By Syd Mitchell
A replica of a natural lake
Figure 1 shows the only essential elements for a koi pond - the bio-filter and a pump to circulate water through it. This is far short of what is normally regarded as a “proper” Koi pond but Koi would be quite content in such a simple system because, in the natural lakes where fish evolved, the only form of filtration they have is biological filtration due to naturally occurring populations of bacteria. These bugs remove the main natural source of pollution in those lakes, the ammonia from fish, by converting it to nitrite, then nitrate which is used as a food by the plants in the lake.
Koi ponds sometimes have plants in them but there are rarely sufficient plants to remove all the nitrate the biofilter produces. Excess nitrate is usually removed by water changes but, with that exception, my earlier controversial statement, about the only essential element being the biofilter, should now make more sense. The above drawing is actually a replica of a natural lake, but on a much smaller scale. To turn the replica natural lake into a Koi pond, some improvements are necessary. As mentioned earlier in this series, water in Koi ponds contains suspended silt, small particles called fines and fish waste. Any debris that is heavier than water will, not only settle on the floor of the biofilter where it can regularly be flushed away, but it will settle wherever the water flow is too gentle to keep it suspended. Much of it will settle on the pond floor. This is undesirable because a build up of silt in the pond would encourage nasty bugs called heterotrophic bacteria which are not welcome in a Koi pond because of their habit of regarding Koi as another meal.
One way to prevent a pond floor silting up would be to vacuum it away every week but this would be a high maintenance solution and an ideal Koi pond should look after itself with as little work as possible on behalf of the pond owner. What is needed is a simple method of removing suspended debris before it can settle in the pond. This is called mechanical filtration.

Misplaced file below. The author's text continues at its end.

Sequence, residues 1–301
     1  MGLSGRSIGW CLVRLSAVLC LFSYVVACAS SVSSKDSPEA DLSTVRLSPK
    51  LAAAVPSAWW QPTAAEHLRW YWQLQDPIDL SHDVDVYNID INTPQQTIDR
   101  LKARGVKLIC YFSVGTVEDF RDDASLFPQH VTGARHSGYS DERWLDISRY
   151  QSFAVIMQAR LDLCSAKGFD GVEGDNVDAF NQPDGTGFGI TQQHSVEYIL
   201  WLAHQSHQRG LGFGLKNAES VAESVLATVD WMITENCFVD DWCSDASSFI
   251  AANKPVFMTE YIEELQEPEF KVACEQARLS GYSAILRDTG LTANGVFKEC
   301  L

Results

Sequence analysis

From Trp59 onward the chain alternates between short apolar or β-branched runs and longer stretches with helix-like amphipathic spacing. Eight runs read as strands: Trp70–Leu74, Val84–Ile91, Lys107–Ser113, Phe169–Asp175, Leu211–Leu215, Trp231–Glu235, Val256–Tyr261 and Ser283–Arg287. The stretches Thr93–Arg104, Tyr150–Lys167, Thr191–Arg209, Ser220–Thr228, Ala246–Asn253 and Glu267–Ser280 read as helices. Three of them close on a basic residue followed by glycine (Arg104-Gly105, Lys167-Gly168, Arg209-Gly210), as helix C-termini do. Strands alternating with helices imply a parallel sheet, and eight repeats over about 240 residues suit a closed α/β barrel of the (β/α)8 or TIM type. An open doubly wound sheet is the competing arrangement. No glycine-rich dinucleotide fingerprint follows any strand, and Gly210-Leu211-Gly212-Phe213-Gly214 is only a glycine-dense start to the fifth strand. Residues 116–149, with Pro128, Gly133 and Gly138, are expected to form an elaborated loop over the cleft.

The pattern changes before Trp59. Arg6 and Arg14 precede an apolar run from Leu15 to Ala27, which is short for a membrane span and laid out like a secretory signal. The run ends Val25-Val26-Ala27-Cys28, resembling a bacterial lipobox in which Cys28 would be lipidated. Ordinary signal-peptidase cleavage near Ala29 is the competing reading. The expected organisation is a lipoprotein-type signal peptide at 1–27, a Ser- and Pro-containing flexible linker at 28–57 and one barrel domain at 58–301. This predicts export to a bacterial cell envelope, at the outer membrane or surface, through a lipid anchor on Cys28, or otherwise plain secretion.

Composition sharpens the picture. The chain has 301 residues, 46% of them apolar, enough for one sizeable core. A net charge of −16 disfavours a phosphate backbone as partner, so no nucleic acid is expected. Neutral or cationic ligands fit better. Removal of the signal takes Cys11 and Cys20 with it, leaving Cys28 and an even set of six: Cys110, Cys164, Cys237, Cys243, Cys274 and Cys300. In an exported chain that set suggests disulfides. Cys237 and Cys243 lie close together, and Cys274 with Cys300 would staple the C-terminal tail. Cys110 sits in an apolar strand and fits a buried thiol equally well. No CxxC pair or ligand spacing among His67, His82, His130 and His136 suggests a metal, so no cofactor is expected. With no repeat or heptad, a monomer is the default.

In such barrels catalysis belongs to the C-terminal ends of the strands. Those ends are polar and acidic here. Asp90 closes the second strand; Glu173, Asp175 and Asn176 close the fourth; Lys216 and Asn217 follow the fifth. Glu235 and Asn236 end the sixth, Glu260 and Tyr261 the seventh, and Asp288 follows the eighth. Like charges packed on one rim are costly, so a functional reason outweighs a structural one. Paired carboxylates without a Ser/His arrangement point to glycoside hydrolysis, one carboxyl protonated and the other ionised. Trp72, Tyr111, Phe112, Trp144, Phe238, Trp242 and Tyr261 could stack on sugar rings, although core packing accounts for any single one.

Settlement chambers and electric brushes
Since suspended silt will tend to settle onto the floor whenever the rapid flow of water inside a pipe suddenly slows to a much more gentle flow in a larger space as described earlier, an early form of settlement chamber simply consisted of a large empty chamber. Water carrying silt entered near the bottom at one end, and as it slowed because it was no longer confined inside the pipe, it would drop nearly all suspended material that was heavier than water before leaving at the other end. Anything that would float obviously wouldn’t settle and went straight through, so an improvement to the design was to put filter brushes into it them. The brushes, not only snagged floating fish waste and strands of blanket weed as they tried to pass, but they have an unexpected effect considering that they are under water.
The bristles are made from nylon or similar plastic materials and these hold, what could be described as an underwater electrostatic charge. As tiny particles, such as fines, float past a bristle, the charge will attract and hold onto them until the brushes are taken out and rinsed clean. This is only a weak effect but it explains why filter brushes, even when they are brand new and haven’t had time to build up a sticky bacterial biofilm, manage to collect so much floating debris. After the brushes have been in use for a few months, they will become home to a large colony of nitrifying bacteria. This adds to the total amount of biofiltration in the pond, which is always a bonus, but the biofilm is also sticky which helps to trap and hold even more floating particles.
The sticky biofilm is a benefit in that it makes the brushes more effective as a mechanical filter but it has a slight down side. Brushes can be difficult to clean properly by the normally recommended method of swirling them around in a bucket of pond water. Cleaning in pond water is often recommended because it is well known that tap-water is chlorinated in order to kill bacteria that might otherwise breed in the supply pipes. It is therefore natural to assume that that chlorinated water also kills nitrifying bugs. Whilst it is true that chlorine is toxic to them, it doesn’t kill them instantly.
Depending on the chlorine level in the tap-water, after an exposure time of several minutes, nitrifying bacteria begin to die. But cleaning bushes doesn’t take several minutes and, if a brush was cleaned with tap-water, only the bugs on the very top of the biofilm would be exposed to chlorinated water anyway. Those deeper down in the biofilm wouldn’t even know that the ones on the top were being washed with chlorine, so I recommend cleaning brushes under a running tap or with a hose. As long as the flow of water isn’t so strong that it “jet-washes” the biofilm away, the bacterial colony on the brush will not be significantly harmed. A few unfortunate bugs at the top of the biofilm that were near to dying anyway might quickly succumb to the chlorine but removing old, weak bacteria allows room for more vigorous ones to take their place, so rinsing brushes with a hose is a good thing rather than a bad thing.
A practical design